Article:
Conscientiousness is a much-discussed topic. It is often named as the key personality trait that can predict success at work. But what is it really? And can you be too conscientious? And if you are too conscientious, what happens?
Conscientiousness is one of the five traits of the Big Five personality theory. When personality traits have been studied in relation to success at work, conscientiousness is the trait which is highlighted in most cases.
The rest of the Big Five traits – extraversion, emotional stability, openness and agreeableness – are also important. Extraversion is an important trait in the work of a sales representative, while emotional stability is exceptionally important for a policeman.
But unlike the four other traits, conscientiousness seems to be the keystone of success in almost any position.
The definition of conscientiousness has a long history. According to Sigmund Freud, one group of his patients stood out from the rest: their discerning traits were cleanliness, conscientiousness, frugality and stubbornness – that is, an anal personality. According to the psychoanalytical theory, the origin of conscientiousness was strongly tied to the developmental stages in childhood.
Today, we know better. Conscientiousness is defined in a less pathologizing manner, and credible mechanisms for its emergence can be found starting in evolutionary psychology. Conscientiousness is also partly inherited. It could be called an “internalized morality”
But what is conscientiousness in practice? It is observing rules, doing your work well, staying on schedule, keeping your promises, and being reliable. The crucial factor is that the motive for upholding these behaviors arose from themselves, not simply from the desire for external reward. Hypocrisy is not genuine conscientiousness.
It is easy to think that genuine conscientiousness is an important trait in working life. But Freud was right in thinking that these traits, as good as they are, also have their flip sides.
An over-conscientious employee
The positive effect of conscientiousness is related to the fact that it provides continuity and predictability of action. It also helps you organize and plan ahead so that you don’t need to try everything on the fly. But there is such a thing as being too organized.
Pedantry, a neurotic adherence to routine and perfectionism are extreme examples of conscientiousness; things must always be done in a particular way and perfectly. A supervisor can become a painful micro-manager. In the worst case, decisions take longer, and the ability to improvise and prioritize is lost. Extreme conscientiousness can also expose you to rapid burnout.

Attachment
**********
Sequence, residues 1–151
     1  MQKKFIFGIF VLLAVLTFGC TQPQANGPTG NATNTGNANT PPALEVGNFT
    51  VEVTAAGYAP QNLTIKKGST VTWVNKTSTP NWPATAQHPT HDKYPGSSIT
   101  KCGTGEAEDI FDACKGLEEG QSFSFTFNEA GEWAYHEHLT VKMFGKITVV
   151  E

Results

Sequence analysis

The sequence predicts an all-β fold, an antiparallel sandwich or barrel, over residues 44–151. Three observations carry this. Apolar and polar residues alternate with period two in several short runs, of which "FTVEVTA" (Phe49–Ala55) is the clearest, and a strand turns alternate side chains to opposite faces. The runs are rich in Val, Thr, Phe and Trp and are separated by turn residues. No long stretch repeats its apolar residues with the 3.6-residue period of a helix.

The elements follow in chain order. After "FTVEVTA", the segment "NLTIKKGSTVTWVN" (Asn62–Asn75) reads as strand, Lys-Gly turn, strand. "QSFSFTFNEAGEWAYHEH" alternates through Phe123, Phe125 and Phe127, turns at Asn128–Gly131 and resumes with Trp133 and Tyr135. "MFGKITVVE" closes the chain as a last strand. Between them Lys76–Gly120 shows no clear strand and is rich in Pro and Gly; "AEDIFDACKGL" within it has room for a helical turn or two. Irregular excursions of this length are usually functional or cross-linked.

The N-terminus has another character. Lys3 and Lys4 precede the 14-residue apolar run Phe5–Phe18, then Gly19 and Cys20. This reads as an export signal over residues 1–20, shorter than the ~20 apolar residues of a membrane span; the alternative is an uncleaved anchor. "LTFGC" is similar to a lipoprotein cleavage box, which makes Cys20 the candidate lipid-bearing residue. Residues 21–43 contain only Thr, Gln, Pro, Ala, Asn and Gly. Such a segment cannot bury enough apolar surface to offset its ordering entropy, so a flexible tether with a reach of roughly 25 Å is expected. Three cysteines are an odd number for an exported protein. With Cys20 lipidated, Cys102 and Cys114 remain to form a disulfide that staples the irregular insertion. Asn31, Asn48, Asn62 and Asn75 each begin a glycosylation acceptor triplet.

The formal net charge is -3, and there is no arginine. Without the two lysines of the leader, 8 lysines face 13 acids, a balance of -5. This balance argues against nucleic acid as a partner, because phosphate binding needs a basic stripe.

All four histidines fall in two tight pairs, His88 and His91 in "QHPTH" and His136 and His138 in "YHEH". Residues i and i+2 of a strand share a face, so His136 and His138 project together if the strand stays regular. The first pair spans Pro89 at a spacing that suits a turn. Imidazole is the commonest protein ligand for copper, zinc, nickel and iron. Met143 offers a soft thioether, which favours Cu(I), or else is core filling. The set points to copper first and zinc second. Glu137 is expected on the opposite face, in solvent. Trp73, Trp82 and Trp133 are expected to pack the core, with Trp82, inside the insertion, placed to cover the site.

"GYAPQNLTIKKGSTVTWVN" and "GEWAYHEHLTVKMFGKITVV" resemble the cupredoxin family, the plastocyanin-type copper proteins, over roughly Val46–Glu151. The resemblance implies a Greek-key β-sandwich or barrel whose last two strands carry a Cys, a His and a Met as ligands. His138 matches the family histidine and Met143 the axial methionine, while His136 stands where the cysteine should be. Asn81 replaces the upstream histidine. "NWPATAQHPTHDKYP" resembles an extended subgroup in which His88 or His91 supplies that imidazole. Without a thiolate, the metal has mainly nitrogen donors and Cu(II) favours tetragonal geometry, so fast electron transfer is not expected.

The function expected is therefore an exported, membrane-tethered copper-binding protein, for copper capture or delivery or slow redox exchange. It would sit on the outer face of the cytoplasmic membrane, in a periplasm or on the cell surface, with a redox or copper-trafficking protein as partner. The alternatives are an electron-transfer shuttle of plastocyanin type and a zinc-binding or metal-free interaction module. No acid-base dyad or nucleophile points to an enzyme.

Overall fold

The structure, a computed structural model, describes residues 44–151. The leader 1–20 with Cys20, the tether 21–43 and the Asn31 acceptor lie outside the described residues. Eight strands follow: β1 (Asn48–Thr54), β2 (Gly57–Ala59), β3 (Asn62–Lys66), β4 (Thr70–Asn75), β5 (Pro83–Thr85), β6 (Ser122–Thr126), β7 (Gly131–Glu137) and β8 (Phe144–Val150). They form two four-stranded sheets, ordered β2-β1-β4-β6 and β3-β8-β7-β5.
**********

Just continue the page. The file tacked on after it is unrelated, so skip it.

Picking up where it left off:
A summary study (Le et al., 2011) published just over a year ago finally offered empirical confirmation of the hypothesis. The connection between over-conscientiousness and poor success at work was discovered. An essential factor was the complexity of the work.
The simpler the work, the sooner conscientiousness turns into a detriment. And the other way round: complex work allows, and requires, a greater level of conscientiousness. Of course, extreme pedantry also becomes an undesired trait in challenging tasks, but the point of saturation is at a clearly higher level than in simple tasks.
Partly, this discovery was explained by autonomy: complex tasks also offer a greater degree of freedom, and thus the employee’s personality has a greater impact on the outcome than in jobs based on a mechanical routine.
Conscientiousness and the realism of recruitment
The dual nature of conscientiousness must also be taken into account in recruitment. You cannot simply look at the bar length in the psychological test result and think, “more is better”. A mechanical interpretation easily leads to mistakes.
In the future, it will be increasingly important to identify the desired limits within which conscientiousness should preferably fall. These limits are essentially dependent on the work environment and the autonomy and complexity of the work. It could be said that determining the psychological requirements of work is becoming increasingly important.
Just a few years ago, scientists believed that they knew everything there was to know about conscientiousness. But as is often the case, it turned out our view of the world was still incomplete. Especially when it comes to understanding conscientiousness.
Le, H.; Oh, I.S.; Robbins, S.B.; Ilies, R.; Holland, E.; Westrick, P. (2011). Too much of a good thing: curvilinear relationships between personality traits and job performance. Journal of Applied Psychology, 96, 113–133.
Salgado, J.F. (1997). The five factor model of personality and job performance in the European Community. Journal of Applied Psychology, 82, 30–43